Business is Boring is a weekly podcast series presented by The Spinoff in association with Callaghan Innovation. Host Simon Pound speaks with innovators and commentators focused on the future of New Zealand, with the interview available as both audio and a transcribed excerpt.
Adàn Tijerina is the director of Almighty Beverages. It’s a Wellington based company producing a range of organic juices now to be found in stock around the country. It’s hard graft making a boutique company work, particularly one that has a organic and community based ethos at heart. But hard work is something Adàn’s well acquainted with. His background includes farm work in the States, working with the homeless, running some of Wellington’s most iconic bars and restaurants, the Wellington orchestra and finally helping drive the Almighty ship. Simon caught up with Adàn while he was on a business trip to Auckland and enticed him to The Spinoff towers for a chat.
What are the commonalities in a hospitality business to trying to build a fast-moving consumer good?
Hospitality businesses are cash flow businesses. You get used to doing as much as possible on very little. I’ve spent the last two nights sleeping in my business partners lounge up here in Auckland, so this is how we run our business. We spend the money and the effort and the resources in the places that matter.
And people, which I imagine in hospitality, to be running people in a room full of perishable things is a pretty amazing thing. How does that translate to building relationships?
That’s really where my interest has always been. I’ve done a lot of different things in New Zealand in my time here. Only a fraction of it has been in the hospitality industry. I’ve been a producer, a project manager, I used to run an orchestra and I would often joke with my board that most days I look like I should be running a cartel but I’m running an orchestra, and really for me it is about connection with people, building relationships in communities, coalition building, and leveraging partnerships. A lot of those skills for me were born out of necessity, growing up where I did, and doing a lot of the work that I was doing overseas on the streets, and you get used to dealing with people and reading situations and navigating your way through those in ways that make people feel like they respect you and they care and they want to work with you.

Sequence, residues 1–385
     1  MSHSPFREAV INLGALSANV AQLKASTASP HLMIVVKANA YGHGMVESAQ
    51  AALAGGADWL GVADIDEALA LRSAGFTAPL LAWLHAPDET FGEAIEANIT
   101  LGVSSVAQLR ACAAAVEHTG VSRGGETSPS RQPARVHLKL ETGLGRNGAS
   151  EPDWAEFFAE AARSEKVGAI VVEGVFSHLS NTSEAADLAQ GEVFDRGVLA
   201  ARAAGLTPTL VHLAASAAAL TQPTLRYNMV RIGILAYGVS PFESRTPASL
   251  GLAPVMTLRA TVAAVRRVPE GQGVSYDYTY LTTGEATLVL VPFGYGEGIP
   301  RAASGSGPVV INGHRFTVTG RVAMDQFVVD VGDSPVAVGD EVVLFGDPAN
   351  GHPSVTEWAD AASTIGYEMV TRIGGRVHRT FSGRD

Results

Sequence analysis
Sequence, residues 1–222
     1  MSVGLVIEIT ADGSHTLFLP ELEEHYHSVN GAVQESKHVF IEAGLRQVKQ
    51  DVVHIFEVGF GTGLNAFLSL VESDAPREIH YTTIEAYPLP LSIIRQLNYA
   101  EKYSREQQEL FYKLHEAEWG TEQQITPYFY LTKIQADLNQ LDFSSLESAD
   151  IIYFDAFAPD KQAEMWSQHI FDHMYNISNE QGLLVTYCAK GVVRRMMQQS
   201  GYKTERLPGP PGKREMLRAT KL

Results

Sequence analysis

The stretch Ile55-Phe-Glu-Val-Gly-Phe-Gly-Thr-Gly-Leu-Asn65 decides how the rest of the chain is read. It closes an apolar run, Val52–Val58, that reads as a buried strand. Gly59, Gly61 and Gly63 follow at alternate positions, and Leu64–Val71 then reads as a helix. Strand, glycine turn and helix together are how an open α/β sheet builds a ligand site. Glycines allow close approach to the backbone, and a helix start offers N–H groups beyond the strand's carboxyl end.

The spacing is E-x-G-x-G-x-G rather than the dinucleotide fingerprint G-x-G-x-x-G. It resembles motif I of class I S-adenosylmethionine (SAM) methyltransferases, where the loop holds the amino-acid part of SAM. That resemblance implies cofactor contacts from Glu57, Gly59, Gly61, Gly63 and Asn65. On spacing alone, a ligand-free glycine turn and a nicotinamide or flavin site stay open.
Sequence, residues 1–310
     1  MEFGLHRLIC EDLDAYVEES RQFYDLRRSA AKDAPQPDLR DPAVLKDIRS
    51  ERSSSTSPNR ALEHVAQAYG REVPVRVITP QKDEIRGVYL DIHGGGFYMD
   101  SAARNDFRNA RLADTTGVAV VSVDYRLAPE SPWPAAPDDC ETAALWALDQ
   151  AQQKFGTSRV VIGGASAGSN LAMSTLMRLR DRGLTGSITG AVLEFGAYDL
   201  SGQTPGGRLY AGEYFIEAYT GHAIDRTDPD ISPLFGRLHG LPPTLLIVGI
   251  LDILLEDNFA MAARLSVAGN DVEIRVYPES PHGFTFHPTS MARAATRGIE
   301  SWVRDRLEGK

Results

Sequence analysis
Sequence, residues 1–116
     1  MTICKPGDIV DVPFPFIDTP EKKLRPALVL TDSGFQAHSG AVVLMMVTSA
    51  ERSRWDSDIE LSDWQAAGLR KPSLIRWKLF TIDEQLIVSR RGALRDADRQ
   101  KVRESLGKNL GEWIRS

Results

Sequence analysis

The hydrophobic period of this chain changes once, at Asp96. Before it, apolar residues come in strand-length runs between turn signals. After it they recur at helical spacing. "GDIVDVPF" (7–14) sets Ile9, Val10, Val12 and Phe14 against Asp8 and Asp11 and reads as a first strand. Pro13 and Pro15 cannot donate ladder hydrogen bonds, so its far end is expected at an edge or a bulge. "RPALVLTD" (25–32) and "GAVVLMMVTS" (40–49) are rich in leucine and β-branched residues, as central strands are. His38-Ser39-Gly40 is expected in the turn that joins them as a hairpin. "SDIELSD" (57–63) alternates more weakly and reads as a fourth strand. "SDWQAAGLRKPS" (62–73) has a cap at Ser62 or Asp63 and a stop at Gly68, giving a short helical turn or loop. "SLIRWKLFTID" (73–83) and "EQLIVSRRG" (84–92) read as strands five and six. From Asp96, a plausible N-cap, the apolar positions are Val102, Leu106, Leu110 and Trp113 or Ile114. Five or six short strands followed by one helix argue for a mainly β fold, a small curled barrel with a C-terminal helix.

Tell me about that. Where was that growing up and how does that help you now?
I grew up in a Mexican community east of Seattle, up in the north-west. That’s part of the other reason why I’m very interested in organics and a proponent of organics. Like most Mexican families we were a farm working family, migrant farm workers, and I became very interested and involved very early on in my life in farm worker justice. Latino farm workers in the US have far higher rates of cancer than other populations. They’re exposed to cancer-causing agents and chemicals through pesticides and the harvest work that we’ve typically done for a number of generations. So that’s where my interest was early on. To be honest I was also just a bit of a hustler growing up, I’d travel around the West Coast buying and selling to do what I had to do to get to the next place. That’s how I made a living for a fair few years of my life. I worked in Mexico City on the streets teaching homeless kids about art and just how to get by, really, in the really threatening environments that they were in.
How do you go from there to running an orchestra?
I think it was the board recognised that the orchestra sector as a whole in New Zealand needed some freshening up, someone with some fresh eyes and a diverse background in cashflow business and hustling really. Connecting with communities and a knowledge of Wellington as well. I’ve only been there 17 years and I wouldn’t consider myself a New Zealander but I’d certainly consider myself a Wellingtonian.
That’s really interesting. I listened to a fascinating thing on an NPR show that was saying people who have been economic migrants or immigrants are kind of the ideal entrepreneur because they’re self selected people that can push further, go harder and get out of the comfort zone. What are your thoughts on that?
I’d certainly agree. There’s a small community of us Mexican’s in Wellington and we quite often say ‘somos pocos pero locos’ – we’re few but we’re crazy. Not crazy in a deranged way, but we will do what we have to do to get by, to support our families, to support our communities and to lift one another up. We’re used to having a lot less, and we realise the level of our privilege being here in such a wonderful country, so we have a level of responsibility that goes along with it.
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